September 1, 2020

Twelve-year-old Lucy is not pre­pared to be the new kid at school. She’s still griev­ing her broth­er, Theo, who recent­ly died from a con­gen­i­tal heart defect. Her par­ents are so intent on a fresh start‚” that she does­n’t know how to talk to them any­more. And the oth­er kids in her grade are sur­vivors of a very dif­fer­ent kind of tragedy: a school shoot­ing that dev­as­tat­ed their small town four years ago.

With­out the shared past that both unites and divides her class­mates, Lucy feels lost. Even her love of math does­n’t offer the absolute answers she craves. But when an after-school mime class gives her a chance to forge new kinds of con­nec­tions, Lucy finds that while grief can take many shapes and sad­ness may feel infi­nite, love is just as powerful.

This poignant nov­el offers a lens through which young read­ers can process the weighty real­i­ty that school shoot­ings occur and leave a last­ing impact, while explor­ing how empa­thy and com­mu­ni­ca­tion are a way for­ward through all kinds of grief.

Discussion Questions

Cour­tesy of Emi­ly Barth Isler

  1. What Jew­ish cus­toms or tra­di­tions might help or have helped Lucy and her par­ents deal with los­ing Theo?

  2. Lucy’s moth­er ref­er­ences the Holo­caust, com­par­ing sur­vivors of it to the sur­vivors of the shoot­ing in Queens­land (page 63). In what ways is this com­par­i­son help­ful? In what ways are these two things different? 

  3. What might school shoot­ing sur­vivors learn from Holo­caust survivors?

  4. In recent years, Jews have been tar­get­ed in mass shoot­ings; most notably the tragedy at the Tree of Life Syn­a­gogue in Pitts­burgh. What do you think is the respon­si­bil­i­ty of Jews in terms of the activism to end such gun vio­lence in Amer­i­ca? How can Jews be good allies to mem­bers of the Black com­mu­ni­ty, the LGBTQ com­mu­ni­ty, and oth­er com­mu­ni­ties who are dis­pro­por­tion­ate­ly affect­ed by the preva­lence of gun violence?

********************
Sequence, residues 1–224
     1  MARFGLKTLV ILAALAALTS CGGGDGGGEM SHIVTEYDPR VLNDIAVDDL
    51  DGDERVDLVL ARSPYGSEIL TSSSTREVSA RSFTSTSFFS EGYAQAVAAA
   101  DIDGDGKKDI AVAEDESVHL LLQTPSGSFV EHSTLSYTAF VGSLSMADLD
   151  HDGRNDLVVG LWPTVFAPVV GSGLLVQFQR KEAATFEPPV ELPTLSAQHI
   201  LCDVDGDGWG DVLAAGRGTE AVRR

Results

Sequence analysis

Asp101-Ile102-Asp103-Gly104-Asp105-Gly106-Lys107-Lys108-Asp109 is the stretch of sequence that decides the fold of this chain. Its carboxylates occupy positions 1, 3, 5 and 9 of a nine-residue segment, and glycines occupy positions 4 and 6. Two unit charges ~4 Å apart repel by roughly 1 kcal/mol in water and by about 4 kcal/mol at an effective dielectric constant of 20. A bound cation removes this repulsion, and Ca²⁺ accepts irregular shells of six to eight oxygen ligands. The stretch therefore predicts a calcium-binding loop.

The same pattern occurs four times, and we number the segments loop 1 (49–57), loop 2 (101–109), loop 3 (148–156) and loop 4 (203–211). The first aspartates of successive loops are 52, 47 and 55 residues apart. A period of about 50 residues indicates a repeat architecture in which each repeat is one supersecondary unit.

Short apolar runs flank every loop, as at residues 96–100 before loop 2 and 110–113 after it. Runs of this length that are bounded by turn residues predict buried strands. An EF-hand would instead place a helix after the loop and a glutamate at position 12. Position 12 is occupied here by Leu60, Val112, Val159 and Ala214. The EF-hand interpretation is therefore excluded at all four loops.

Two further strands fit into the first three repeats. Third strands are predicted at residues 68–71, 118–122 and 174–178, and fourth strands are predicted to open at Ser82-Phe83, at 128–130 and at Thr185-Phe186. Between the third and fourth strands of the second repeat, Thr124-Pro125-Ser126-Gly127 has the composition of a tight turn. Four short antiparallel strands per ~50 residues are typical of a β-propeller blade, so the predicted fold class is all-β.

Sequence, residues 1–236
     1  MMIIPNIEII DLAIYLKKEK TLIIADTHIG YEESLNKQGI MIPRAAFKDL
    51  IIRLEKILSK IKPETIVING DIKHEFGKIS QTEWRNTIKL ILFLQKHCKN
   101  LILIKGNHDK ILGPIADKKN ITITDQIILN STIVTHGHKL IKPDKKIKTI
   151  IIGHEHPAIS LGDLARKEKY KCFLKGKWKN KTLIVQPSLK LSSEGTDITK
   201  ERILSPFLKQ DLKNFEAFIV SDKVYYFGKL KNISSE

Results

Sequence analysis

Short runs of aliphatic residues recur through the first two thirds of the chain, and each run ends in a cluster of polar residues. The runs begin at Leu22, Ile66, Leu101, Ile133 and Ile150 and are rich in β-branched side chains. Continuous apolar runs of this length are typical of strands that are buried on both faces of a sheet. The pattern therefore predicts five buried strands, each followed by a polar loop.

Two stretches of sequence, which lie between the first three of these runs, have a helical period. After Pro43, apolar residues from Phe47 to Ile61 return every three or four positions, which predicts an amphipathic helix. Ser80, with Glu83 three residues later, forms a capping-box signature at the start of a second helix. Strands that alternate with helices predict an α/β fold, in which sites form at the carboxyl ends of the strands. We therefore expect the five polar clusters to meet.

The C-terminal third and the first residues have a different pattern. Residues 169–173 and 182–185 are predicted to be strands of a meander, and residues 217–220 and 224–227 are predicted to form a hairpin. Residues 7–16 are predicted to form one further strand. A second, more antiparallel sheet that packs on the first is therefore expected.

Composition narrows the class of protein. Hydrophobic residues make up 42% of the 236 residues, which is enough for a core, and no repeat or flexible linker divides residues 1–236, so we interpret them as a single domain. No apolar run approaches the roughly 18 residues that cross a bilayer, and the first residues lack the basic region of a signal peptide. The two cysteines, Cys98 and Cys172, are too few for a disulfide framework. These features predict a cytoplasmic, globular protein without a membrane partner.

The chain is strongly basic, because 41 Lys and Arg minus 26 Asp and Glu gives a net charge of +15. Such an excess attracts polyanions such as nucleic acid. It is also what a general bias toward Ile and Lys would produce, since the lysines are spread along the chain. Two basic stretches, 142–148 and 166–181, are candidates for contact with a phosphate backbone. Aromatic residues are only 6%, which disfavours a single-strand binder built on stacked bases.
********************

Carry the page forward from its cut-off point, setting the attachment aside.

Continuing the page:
5. Short­ly after the action of this book ends, Lucy and her fam­i­ly will face the first anniver­sary of Theo’s death. Imag­ine you could plan a whole day for them to observe his Yahrzeit. What would you sug­gest they do? 

  6. Lucy thinks a lot about exis­tence after death– her pre­oc­cu­pa­tion with Bette, her dreams of Theo and the ocean, her curios­i­ty about Avery’s broth­er. What does Judaism teach us about this idea?

  7. What does Judaism teach us about for­give­ness and sec­ond chances? How is Lucy’s deci­sion to for­give Avery and con­tin­ue to be friends inher­ent­ly Jewish? 

  8. What Jew­ish val­ues might con­tribute to Lucy’s deci­sion to befriend Avery and to keep being her friend even though the oth­er kids ostra­cize her? Does Judaism teach us to befriend those in need? To take care of those who are outsiders?

  9. What advice does Lucy take away from con­ver­sa­tion with her Rab­bi? Do you agree with Rab­bi Steve’s advice (page 18)?

  10. What is the Jew­ish take on this idea Lucy has of com­par­ing loss­es? Where Lucy feels that her loss of Theo is not on the same lev­el as the oth­er kids’ loss­es from the shooting? 

  11. In the class­room dis­cus­sion of infin­i­ty, what would the Jew­ish take be? (Chap­ter 7, pages 97 – 102) In the Torah, G‑d tells Abra­ham to go out­side and count the stars in the night sky, and that that will be the num­ber of his descen­dants. In what ways is that like the kids in the class try­ing to envi­sion infin­i­ty? How is it dif­fer­ent? Do you think G‑d was try­ing to show Abra­ham infin­i­ty in this example? 

  12. Relate Lucy’s par­ents’ dis­cus­sion of plant­i­ng annu­als vs plant­i­ng peren­ni­als to Jew­ish teach­ing. How does this debate have Jew­ish themes? What would the most Jew­ish” answer to this quandary be and why?

  13. If Lucy’s new school were a Jew­ish school, do you think the kids would treat Avery as they do or would they treat her dif­fer­ent­ly? If you were a teacher at this pre­tend Jew­ish school, how would you approach this dilem­ma about the way the stu­dents ignore Avery?

  14. Joshua’s par­ents decide to have a sec­ond child in the wake of his injury in the shoot­ing. Sim­i­lar­ly, many mod­ern Jews, in the wake of the loss of 6 mil­lion in the Holo­caust, attempt to have more than one child in an effort to replace those who were lost. Discuss.